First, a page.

Centipede has a Brooklyn accent and is a compulsive liar because reasons. Spider is a loner even though she spends all her time with everyone else because apparently that's something the scene needed when she's tucking James into her web.

Where this really works though is with Joanna Lumley and Miriam Margoyles as James' terribly mean aunts Spiker and Sponge respectively. While they have only one note, which is be incredibly mean and angry to James at every opportunity, both actresses put their all into the part, willing to be utterly atrocious and unappealing at every turn. It's rather admirable how dedicated they are to the bit.

They're absolutely fabulous.

The writing is just all over the place, which kinda adds to the film's off-kilter appeal. On the other side, the film is wondrously creative and imaginative, not only in its character designs but also the unreal, dream-like aesthetic.

The live action sets are decidedly unreal with German Expressionism-esque architecture on what is obviously a studio set with matte drawing backgrounds. Because of their heightened nature, the live action scenes almost feel more dream-like than the stop-motion scenes. And remember those are the scenes with a mechanical shark.

And this surreal disjointed nature means the film is almost ideal for interpretation since there seems to be no reason for why anything is happening or what it is supposed to mean. That said, it's pretty obvious what the rhino is meant to symbolise, right?

"Oh no, a metaphor of the inevitable encroach of death!"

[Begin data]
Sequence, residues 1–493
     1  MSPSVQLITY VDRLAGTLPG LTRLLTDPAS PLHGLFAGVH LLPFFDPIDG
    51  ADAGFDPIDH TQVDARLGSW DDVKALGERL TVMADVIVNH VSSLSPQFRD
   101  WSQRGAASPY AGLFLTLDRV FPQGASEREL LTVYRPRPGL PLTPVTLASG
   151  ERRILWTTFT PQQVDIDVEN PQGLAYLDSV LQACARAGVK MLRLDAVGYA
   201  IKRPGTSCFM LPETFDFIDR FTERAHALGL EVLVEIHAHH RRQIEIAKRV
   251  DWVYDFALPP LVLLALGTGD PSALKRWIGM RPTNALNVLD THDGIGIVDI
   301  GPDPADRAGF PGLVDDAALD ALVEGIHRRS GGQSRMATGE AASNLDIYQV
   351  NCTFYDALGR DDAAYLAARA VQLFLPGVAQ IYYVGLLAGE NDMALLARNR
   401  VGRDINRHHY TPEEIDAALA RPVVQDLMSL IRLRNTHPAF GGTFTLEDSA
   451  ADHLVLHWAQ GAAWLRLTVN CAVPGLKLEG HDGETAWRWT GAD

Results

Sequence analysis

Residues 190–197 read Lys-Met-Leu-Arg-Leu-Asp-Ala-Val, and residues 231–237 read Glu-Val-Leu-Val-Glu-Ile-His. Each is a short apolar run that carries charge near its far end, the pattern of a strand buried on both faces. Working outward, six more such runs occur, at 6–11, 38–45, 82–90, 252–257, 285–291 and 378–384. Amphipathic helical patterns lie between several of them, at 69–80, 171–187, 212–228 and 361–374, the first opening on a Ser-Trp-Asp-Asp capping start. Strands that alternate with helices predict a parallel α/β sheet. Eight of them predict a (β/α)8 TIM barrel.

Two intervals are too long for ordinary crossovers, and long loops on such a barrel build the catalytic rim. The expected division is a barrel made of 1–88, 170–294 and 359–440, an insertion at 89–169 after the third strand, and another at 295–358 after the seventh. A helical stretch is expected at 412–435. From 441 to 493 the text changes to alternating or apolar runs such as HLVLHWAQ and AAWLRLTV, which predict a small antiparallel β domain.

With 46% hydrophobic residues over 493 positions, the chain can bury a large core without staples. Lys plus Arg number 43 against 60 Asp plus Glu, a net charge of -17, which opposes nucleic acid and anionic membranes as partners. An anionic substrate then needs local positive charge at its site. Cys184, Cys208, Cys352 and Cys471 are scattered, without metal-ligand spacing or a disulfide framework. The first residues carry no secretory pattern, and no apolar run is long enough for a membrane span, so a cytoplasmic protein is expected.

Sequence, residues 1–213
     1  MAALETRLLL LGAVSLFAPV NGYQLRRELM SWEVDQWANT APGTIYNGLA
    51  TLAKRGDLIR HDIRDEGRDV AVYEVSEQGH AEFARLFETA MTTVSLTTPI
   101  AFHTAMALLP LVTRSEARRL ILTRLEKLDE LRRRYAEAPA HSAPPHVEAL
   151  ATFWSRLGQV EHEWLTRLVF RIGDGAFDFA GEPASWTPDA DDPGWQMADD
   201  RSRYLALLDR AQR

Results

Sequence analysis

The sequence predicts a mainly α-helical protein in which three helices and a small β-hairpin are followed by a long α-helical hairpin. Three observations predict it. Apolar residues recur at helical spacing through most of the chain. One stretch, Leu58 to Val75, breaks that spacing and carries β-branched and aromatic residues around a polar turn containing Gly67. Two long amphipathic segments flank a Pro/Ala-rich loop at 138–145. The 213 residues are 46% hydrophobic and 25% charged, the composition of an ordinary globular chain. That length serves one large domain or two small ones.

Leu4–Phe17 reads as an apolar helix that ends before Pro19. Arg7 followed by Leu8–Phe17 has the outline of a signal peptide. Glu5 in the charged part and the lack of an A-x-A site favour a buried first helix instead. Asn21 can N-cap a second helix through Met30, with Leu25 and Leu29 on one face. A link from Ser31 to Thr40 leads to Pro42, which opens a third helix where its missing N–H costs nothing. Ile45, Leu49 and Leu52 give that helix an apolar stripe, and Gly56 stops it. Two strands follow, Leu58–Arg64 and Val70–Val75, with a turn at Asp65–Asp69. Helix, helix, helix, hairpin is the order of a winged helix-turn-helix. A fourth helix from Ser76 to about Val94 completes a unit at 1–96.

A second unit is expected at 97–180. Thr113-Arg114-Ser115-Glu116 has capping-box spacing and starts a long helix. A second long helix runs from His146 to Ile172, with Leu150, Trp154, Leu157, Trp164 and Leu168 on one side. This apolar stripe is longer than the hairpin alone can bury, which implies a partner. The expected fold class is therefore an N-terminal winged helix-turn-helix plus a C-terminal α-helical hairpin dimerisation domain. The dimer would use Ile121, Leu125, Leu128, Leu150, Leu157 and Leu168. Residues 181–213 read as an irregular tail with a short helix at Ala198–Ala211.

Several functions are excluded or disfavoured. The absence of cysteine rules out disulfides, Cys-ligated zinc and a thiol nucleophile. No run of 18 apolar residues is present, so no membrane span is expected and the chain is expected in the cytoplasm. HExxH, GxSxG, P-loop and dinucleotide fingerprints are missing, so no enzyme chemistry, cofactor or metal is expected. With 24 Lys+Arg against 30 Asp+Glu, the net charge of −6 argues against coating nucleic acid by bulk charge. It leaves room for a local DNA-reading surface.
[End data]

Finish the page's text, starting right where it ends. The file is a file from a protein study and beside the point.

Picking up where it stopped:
Oh, and of course the climax with the rhino just ends with no clear resolution because what else would you expect from the film by that stage? James stands up to it, shouting that it is just a lot of smoke and noise and that he isn't afraid because he is looking at it a different way, just like his mother said.

Which is quite an inspiring message really if we accept the rhino as the embodiment of death, which we totally should because what the hell is it otherwise? It came out of nowhere and took away his parents just as death can happen at anytime and take away the ones we love.

By standing up to the rhino, James is really declaring that he's not afraid of death but willing to face it head on. Which is probably why the rhino just zaps the peach then bounces. He has no further power to intimidate James.

"Arr, I might be dead and can remove my head for Shakespearean citations but my mind is blown." - Captain Jack Skellington 

Or maybe the writer just wanted to end the film and that seemed like the easiest way to bring in the rhino and then get rid of him before the happy ending. Considering how fractured and weird this film is, it wouldn't be surprising if that was the case.

James and the Giant Peach isn't a horror film masquerading as a children's movie but it definitely is odd and a little more than creepy. There's also a mean streak which runs through the film and adds to the slightly unsettling tone a number of scenes touch on.

That said, there's also a lot of inventiveness and a couple of touching moments like when James walks on Grasshopper playing the violin which is a lovely scene until it descends into a weird music video with toy globes in a song about love. And maybe that is the scene which best captures the disjointed nature of the film, shifting gears for no reason and little warning.

I guess it's just a lot of smoke and noise.


James and the Giant Peach (film) Wikipedia page

Nostalgia Critic: James and the Giant Peach

Reality, Dream and Animation: James and the Giant Peach -